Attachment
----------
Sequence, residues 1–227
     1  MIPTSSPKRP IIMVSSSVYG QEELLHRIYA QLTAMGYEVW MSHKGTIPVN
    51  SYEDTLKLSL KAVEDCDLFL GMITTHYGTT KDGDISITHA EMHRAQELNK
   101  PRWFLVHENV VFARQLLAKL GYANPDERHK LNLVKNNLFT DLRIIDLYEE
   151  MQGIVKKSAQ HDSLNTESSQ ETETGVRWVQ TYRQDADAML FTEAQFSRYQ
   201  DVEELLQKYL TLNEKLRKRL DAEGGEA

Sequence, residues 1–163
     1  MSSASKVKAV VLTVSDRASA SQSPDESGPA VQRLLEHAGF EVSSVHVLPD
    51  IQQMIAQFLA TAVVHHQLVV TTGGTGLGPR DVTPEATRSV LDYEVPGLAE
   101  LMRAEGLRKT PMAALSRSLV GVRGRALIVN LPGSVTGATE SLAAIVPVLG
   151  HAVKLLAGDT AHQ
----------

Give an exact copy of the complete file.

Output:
Sequence, residues 1–227
     1  MIPTSSPKRP IIMVSSSVYG QEELLHRIYA QLTAMGYEVW MSHKGTIPVN
    51  SYEDTLKLSL KAVEDCDLFL GMITTHYGTT KDGDISITHA EMHRAQELNK
   101  PRWFLVHENV VFARQLLAKL GYANPDERHK LNLVKNNLFT DLRIIDLYEE
   151  MQGIVKKSAQ HDSLNTESSQ ETETGVRWVQ TYRQDADAML FTEAQFSRYQ
   201  DVEELLQKYL TLNEKLRKRL DAEGGEA

Sequence, residues 1–163
     1  MSSASKVKAV VLTVSDRASA SQSPDESGPA VQRLLEHAGF EVSSVHVLPD
    51  IQQMIAQFLA TAVVHHQLVV TTGGTGLGPR DVTPEATRSV LDYEVPGLAE
   101  LMRAEGLRKT PMAALSRSLV GVRGRALIVN LPGSVTGATE SLAAIVPVLG
   151  HAVKLLAGDT AHQ